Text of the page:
Thursday, February 11, 2010

More Type Experiments

Designer Biography

These are screen captures from a motion graphic piece by Mikon Van Gastel. Unfortunatly the AIGA Design Archives site didn't have the actual video :(. The video was done in 1997 and it looks like he is fragmenting the type in the same sort of manner that I am. It was really difficult for me to find something that like what I am doing. Maybe I'm just not looking hard enough, or not looking in the right places. Anyways...

"Mikon van Gastel, 32, is a New York-based Creative Director and co-founder of AVSO (A Very Small Office). Van Gastel brings to the design process an expertise in film, new media and architecture as well as openness to embrace new forms of collaboration and emerging technologies" -Serious Picture /AVSO

So, in a sense this guy is more of the "art director type". He seems to enjoy collaborating not only with other designers/directors but with different and innovative types of technology. I was looking at some or the more recent stuff on the AVSO website, and I have actually seen a lot of it on television. The animations and motion graphics are innovative and edgy, but they appeal to the mainstream of cable television. I think that it is amazing what he is doing, and how he is able reveal edgy work to the everyday television viewer. Here are all of his videos.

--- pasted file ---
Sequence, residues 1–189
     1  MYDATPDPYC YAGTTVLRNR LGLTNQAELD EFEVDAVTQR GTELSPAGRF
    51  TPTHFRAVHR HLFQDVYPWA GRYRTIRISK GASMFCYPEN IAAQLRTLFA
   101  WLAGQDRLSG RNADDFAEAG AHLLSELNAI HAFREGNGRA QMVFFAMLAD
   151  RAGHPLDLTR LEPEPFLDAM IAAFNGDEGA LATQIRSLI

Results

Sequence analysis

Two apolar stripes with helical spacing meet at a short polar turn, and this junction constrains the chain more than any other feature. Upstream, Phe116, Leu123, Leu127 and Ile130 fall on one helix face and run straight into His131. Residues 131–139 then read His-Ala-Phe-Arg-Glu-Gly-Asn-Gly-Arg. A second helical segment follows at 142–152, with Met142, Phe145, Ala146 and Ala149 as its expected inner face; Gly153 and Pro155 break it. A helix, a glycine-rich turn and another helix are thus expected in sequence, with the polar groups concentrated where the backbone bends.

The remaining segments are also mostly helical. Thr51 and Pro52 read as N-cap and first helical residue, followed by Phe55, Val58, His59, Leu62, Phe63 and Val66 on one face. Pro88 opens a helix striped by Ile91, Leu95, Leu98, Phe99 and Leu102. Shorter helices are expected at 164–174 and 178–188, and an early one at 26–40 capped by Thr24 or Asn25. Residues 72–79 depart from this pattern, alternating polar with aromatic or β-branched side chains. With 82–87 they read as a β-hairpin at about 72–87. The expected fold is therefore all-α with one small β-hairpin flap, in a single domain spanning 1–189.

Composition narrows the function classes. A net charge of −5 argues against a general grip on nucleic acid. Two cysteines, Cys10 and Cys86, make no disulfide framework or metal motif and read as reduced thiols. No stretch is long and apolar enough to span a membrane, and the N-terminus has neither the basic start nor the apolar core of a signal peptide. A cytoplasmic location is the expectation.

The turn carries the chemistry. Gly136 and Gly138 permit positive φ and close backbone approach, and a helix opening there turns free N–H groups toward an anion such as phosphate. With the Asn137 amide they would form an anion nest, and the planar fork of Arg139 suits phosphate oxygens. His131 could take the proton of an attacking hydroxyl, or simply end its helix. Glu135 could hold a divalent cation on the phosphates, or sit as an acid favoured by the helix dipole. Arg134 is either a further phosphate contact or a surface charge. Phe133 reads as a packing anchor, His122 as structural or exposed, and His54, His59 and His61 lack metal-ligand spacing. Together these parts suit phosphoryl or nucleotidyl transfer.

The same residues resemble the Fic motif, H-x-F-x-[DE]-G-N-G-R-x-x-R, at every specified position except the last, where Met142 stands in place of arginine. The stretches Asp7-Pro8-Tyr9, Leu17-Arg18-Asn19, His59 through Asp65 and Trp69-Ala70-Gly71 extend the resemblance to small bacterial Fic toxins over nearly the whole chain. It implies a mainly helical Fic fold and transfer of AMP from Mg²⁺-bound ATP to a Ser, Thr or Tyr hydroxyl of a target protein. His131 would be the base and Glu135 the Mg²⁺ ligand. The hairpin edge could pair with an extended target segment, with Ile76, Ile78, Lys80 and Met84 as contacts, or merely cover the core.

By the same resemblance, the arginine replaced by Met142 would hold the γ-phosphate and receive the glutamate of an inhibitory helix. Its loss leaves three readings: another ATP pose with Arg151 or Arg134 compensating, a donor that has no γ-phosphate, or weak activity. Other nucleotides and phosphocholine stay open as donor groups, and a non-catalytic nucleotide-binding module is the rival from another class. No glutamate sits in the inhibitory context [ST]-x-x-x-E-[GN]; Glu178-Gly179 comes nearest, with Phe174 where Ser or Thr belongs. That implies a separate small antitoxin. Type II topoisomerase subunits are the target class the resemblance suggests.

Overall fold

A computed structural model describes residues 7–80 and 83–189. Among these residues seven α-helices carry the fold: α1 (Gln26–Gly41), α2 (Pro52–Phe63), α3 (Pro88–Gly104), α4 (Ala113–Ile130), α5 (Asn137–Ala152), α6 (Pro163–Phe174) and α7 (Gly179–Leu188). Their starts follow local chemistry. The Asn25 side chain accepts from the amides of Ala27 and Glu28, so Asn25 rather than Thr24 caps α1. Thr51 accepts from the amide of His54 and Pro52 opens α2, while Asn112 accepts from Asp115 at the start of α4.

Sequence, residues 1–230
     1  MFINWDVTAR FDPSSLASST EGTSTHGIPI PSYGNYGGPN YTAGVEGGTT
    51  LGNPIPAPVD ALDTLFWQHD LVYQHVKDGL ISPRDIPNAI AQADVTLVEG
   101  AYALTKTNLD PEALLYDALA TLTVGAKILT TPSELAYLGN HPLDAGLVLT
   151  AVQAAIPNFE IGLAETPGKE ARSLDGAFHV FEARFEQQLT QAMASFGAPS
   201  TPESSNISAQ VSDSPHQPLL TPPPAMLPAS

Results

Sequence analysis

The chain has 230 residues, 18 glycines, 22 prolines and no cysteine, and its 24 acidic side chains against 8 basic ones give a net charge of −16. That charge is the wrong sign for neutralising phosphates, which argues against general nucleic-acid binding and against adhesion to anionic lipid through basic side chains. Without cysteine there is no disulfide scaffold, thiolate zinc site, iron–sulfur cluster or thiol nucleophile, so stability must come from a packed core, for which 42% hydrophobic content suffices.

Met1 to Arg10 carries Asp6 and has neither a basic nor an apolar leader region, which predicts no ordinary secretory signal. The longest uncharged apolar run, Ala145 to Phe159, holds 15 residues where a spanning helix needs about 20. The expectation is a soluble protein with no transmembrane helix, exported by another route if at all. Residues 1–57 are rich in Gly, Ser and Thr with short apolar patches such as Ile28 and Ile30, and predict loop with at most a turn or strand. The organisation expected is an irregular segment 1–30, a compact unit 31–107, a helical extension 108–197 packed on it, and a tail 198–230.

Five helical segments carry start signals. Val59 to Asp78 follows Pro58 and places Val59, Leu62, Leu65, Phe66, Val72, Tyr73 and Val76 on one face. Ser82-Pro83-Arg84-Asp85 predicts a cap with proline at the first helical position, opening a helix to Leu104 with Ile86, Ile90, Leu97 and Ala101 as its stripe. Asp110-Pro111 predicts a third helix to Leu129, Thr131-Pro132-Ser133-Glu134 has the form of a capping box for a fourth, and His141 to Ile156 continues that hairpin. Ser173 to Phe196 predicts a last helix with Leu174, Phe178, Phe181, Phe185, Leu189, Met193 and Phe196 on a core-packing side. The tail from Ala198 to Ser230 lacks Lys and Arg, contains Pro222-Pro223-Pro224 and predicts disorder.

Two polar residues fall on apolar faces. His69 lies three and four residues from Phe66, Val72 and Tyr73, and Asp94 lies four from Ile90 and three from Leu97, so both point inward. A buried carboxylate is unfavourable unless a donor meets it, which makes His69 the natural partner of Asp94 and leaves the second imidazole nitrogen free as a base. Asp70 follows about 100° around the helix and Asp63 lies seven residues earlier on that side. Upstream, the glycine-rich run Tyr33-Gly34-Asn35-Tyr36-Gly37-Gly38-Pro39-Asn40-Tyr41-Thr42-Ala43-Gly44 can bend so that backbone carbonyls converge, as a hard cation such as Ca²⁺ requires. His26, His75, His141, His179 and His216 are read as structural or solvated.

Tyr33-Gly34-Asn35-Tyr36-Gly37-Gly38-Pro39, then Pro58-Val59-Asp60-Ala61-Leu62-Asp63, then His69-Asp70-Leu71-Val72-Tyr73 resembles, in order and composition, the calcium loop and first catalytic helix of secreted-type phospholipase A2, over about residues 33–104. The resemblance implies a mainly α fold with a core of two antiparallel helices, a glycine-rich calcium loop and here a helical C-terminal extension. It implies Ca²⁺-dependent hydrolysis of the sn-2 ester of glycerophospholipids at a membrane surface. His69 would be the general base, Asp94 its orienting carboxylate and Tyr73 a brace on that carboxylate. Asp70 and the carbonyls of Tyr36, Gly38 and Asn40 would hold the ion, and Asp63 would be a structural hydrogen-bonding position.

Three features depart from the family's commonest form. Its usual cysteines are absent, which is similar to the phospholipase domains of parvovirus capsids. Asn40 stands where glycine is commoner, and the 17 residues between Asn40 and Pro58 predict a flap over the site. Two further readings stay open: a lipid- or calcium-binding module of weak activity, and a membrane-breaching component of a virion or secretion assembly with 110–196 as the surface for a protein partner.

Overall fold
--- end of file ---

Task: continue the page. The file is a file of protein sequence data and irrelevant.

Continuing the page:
These are screen captures of the experiment that I conducted today. I cut all of the letter forms up into pieces and pulled away parts. The affect is nice. I started to create a stop-motion after I shot the photographs and I started to do some different frame rates as well. I tried 50 fps vs. 100 fps. It was also interesting to watch just one letter form throughout the animation. They can act on their own as well as together.

I started to do both analog trials and digital ones as well. Below are some screen shots to show how I am breaking down the letter forms. I am starting to sequence these frame by frame in flash.

These are some screen shots of the swf file. I tried to make it so that the entire word does not exist in one frame. The word is only a whole word when it is in motion.

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